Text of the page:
But writing westerns is kicking my butt on research. And there are some rat holes that you can go down literally for HOURS! Of course, when you’re doing research, you’re not writing…

Anyway, a little bit of background on why I write like I do… For better or worse…






Imagination… — 23 Comments

  1. You have the talent, and know if it feels right, it will be right. Some may try to detract from your style, but like wine, their tastes are only an opinion, and many will like what they don’t.

  2. Thanks for describing part of the process of how you write your stories. I don’t have a vivid imagination so any stories I wrote would be boring as hell. As if Joe Friday “Just the facts ma’am – just the facts” was the author. 🙂

  3. I like the storyteller approach and the sketched characters. Lets me fill in as much as I need from imagination, and keeps my brain flexible. Your data dumps don’t get excessive, more like periodically opening a locker and pulling out some needed gear. A lot of the reader comments and flags on work-in-progress seem to hit on missed connections or bubbles in the story, not on missing description, unless what’s missing was part of character or scene continuity.

    • I agree with what you wrote, and I couldn’t write it better than you already did.

  4. I like the first example better. And I tend to leave details sparse, unless there is some specific point to make. I find that I focus more on relationship and conversation rather than the setting.

  5. I prefer the Storyteller method. That is why I detest Dickens novels. His descriptions are so detailed due to the minds lack of imagination at the time that those of us who use our imagination to develop a ‘mind picture’ have to constantly revise our thoughts due to his precise descriptions. Drives me NUTS.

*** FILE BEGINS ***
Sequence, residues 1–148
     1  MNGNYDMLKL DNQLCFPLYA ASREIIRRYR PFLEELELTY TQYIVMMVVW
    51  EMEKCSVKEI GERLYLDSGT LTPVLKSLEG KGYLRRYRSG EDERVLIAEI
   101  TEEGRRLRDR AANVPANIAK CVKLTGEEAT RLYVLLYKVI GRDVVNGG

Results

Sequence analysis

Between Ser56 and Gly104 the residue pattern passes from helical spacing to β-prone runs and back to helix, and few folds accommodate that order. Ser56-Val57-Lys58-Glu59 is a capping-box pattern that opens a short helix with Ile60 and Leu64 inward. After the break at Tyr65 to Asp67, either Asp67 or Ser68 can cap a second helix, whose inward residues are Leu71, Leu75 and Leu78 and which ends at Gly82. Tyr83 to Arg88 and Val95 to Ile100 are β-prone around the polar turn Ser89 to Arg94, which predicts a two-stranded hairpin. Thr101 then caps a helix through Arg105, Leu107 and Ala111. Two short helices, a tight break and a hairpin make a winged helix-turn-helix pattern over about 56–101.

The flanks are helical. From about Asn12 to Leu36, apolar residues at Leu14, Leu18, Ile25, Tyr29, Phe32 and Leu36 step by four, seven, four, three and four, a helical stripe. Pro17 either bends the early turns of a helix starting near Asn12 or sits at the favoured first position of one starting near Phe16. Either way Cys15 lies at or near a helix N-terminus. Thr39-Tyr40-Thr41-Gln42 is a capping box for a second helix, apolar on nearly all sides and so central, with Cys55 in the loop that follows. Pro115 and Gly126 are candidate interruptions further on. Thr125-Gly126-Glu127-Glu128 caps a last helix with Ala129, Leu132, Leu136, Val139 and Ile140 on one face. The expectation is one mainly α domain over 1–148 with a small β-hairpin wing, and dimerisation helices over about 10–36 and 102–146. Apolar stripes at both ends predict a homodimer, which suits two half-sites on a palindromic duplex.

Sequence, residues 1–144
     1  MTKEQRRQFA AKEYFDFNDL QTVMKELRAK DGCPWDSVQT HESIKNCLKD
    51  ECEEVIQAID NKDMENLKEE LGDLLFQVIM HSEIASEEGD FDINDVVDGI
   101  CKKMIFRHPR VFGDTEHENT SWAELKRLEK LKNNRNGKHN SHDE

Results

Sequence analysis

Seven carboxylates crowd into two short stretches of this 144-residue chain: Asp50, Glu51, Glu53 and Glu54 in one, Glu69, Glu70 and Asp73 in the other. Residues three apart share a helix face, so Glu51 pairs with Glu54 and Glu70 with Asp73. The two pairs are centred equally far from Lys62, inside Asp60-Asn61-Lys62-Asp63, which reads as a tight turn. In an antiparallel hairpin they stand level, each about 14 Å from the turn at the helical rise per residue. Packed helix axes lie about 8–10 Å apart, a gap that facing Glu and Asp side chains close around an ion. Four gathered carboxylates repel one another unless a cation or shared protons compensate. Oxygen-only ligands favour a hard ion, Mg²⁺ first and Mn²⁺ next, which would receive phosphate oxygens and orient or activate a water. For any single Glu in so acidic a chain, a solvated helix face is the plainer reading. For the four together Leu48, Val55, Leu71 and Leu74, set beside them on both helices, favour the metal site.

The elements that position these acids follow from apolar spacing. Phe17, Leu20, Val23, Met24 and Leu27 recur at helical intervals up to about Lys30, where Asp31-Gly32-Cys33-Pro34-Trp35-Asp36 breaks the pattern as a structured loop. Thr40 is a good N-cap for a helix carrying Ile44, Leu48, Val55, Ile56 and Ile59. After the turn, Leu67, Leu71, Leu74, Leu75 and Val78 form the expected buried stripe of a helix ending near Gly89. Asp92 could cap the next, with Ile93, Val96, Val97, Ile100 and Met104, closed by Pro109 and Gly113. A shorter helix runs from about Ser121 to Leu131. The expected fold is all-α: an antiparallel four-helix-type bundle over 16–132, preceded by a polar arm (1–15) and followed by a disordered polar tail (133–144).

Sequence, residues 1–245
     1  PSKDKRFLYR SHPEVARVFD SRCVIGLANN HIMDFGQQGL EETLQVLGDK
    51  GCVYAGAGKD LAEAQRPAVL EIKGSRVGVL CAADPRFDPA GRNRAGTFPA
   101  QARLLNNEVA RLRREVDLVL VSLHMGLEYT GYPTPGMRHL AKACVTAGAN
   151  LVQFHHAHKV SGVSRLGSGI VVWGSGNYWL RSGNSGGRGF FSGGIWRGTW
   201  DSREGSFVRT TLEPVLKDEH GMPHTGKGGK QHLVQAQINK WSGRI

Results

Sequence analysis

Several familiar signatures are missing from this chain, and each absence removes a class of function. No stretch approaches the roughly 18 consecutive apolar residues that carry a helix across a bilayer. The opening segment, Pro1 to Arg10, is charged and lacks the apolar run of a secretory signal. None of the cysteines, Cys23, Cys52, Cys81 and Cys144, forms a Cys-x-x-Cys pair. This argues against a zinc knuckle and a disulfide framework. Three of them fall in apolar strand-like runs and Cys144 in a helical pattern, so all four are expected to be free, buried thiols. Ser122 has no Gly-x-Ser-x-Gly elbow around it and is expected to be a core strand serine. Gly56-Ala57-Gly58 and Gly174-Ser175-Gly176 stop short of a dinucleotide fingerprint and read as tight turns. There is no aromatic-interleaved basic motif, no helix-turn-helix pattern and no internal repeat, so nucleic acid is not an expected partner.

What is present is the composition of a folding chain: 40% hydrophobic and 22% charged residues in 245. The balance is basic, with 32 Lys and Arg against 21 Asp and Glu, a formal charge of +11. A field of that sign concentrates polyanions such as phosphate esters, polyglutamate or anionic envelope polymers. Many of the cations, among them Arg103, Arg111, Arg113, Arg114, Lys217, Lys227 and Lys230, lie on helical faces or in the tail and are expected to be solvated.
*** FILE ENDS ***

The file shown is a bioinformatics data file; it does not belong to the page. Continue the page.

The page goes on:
6. First example is clear and concise. Second is fruity and sounds more like it’s written for Harlequin.

    Though there are times for fruity (meaning verbose and up-scale writing, yaknow, Dickens, Hawthorne, Dumas, Harlequin romances…)

    In the two instances, if Danny is the space jock from your space story, well, the first one really works, as that character (in my interpretation) wasn’t/isn’t a verbose and ‘upscale’ person.

    As to the 17yo… Yeah. A whole generation that’s been taught not to use their imagination. Sad.

  7. All- Thanks for the comments. And you’ve got to remember, all the ‘early’ writers, Dickens et al were paid a penny a word, so verbose WAS the rule of the day. The more words, the more pay! Now days, we’re apparently up to 6 cents a word… Progress???

    Posted from my iPhone.

  8. I’ve been told, “You write slow books.” Meaning that my stories have a lot of description and detail, which leads to slower pacing. I suspect it is from reading a lot of 1) older literature and 2) German. And from writing non-fiction, which demands description and back-story. None of that works with space opera. 🙂 Urban fantasy and some mil-sci-fi? Yeah, it fits.